Slayer guitarist Jeff Hanneman died of cirrhosis on May 2, the same day as the Golden Gods Awards. It was devastating that on a day meant to celebrate the lives of the best musicians in metal, one of those artists was taken from the world of music.
It also came as a shock. In fact, by all accounts, Hanneman's health appeared to have been improving -- he reportedly even looking forward to working on a new record. In memory of Hanneman, here are eight other musicians who influenced metal in a big way and were taken from us way before their time was up.
Hanneman wrote perhaps Slayer's best-known song, "Angel of Death" (from the band's breakthrough 1986 album, Reign in Blood), based on the atrocious experimental surgeries that Nazi doctor Joseph Mengele performed in Auschwitz during World War II. Though some critics took it as the members being Nazis or racists, Hanneman argued that Slayer was simply interested in history and evil -- he was a gigantic World War II buff, and his father served in that war.
It was yet another example of metal musicians being targets for similar accusations. I doubt critics would've accused a country or hip-hop artist of being racist if they sang about the same subjects.
Hanneman grew up in Southern California listening to Judas Priest and Iron Maiden and was only a teenager when he formed Slayer in 1981 with guitarist Kerry King. The band, complete with bassist Tom Araya and drummer Dave Lombardo, went on to create some of the heaviest and darkest music in metal, rich with imagery and furious finger work.
It was presumed that Hanneman died because of the lingering effects of a spider bite that caused necrotizing fasciitis infection, which originally caused him to step away from being a full-time member of the band years back. I'll never forget when I saw him step on stage with Slayer at a Big 4 performance in Indio, California, in 2011. It was a magical moment for fans and all the band members who performed that night (Metallica, Anthrax and Megadeth), since Hanneman was rarely performing with Slayer at the time.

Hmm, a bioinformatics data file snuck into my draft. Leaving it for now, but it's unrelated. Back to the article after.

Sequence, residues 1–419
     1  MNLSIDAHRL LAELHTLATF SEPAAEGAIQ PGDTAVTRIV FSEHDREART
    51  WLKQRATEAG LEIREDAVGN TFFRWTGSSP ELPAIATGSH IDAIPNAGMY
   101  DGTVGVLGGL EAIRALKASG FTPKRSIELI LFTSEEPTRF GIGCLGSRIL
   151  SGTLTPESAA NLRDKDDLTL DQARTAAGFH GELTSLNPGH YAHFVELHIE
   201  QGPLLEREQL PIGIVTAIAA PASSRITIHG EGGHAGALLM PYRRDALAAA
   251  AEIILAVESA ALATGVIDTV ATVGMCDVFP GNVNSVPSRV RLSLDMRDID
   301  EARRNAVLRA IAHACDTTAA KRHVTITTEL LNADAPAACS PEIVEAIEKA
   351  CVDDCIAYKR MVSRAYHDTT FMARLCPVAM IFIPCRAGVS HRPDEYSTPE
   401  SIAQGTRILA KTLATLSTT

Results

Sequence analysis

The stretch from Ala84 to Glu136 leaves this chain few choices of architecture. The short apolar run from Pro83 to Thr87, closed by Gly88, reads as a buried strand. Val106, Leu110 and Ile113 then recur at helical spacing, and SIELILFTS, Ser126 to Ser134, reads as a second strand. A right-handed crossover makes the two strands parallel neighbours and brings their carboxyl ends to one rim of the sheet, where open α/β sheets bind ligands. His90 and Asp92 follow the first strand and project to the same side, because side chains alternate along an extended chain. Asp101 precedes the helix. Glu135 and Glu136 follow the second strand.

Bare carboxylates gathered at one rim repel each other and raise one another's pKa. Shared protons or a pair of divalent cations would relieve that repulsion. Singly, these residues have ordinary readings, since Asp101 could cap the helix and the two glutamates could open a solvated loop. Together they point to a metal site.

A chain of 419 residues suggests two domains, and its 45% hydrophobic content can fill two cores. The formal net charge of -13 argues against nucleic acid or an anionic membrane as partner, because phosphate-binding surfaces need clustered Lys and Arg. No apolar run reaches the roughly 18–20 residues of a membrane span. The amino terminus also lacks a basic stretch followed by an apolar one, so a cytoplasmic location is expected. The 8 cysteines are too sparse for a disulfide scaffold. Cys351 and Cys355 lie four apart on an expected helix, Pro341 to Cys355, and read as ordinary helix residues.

But in an official press release from the band on May 9, the spider-bite theory was shot down by a physician, and it was revealed that the talented guitarist passed away due to alcohol-related cirrhosis. Apparently, no one knew until his final days just how seriously his health had deteriorated.
1. Randy Rhoads
Randy Rhoads helped set the bar for metal soloing with his precision and hyperspeed on tracks like Ozzy Osbourne's "Crazy Train," "Diary of a Madman," and "Mr. Crowley." Rhoads co-founded Quiet Riot as a teen, joined Ozzy's Blizzard of Ozz band in 1979, and according to reports never stopped taking guitar lessons, even while on tour. By the time he recorded his final album, Ozzy's Diary of a Madman, Rhoads was delving into classical music and jazz. He died in a plane crash in 1982 at age 25, but his influence reached musicians like Tom Morello, Zakk Wylde, and Nikki Sixx
Randy Rhoads on "Mr. Crowley":
2. Cliff Burton
Metallica inspired generations of metal bands and will continue to do so far into the future. Bassist Cliff Burton's catalog may be slim -- just Kill 'Em All, Ride the Lightning, and Master of Puppets -- but it was enough to secure his legacy. Burton died at 24 in 1986, when Metallica's tour bus flipped over in Sweden. Thrash metallers Megadeth paid Burton an amazing tribute with the song "In My Darkest Hour," written by vocalist Dave Mustaine, who sat down and wrote the song in one hour after hearing of Burton's death.
Cliff Burton solos:
3. Jimi Hendrix
Easily considered one of the greatest guitarists of all time, within seven years, Hendrix became legendary for the wah-wah pedal, his experimentation with stereophonic phasing effects in recordings, starting the trend of rock stars smashing guitars on stage, songs like "Purple Haze," "Foxy Lady," and the album Are You Experienced, and a headlining performance at Woodstock. He released three albums while alive, although there've been several posthumous releases since. He died of an overdose in 1970, at age 27.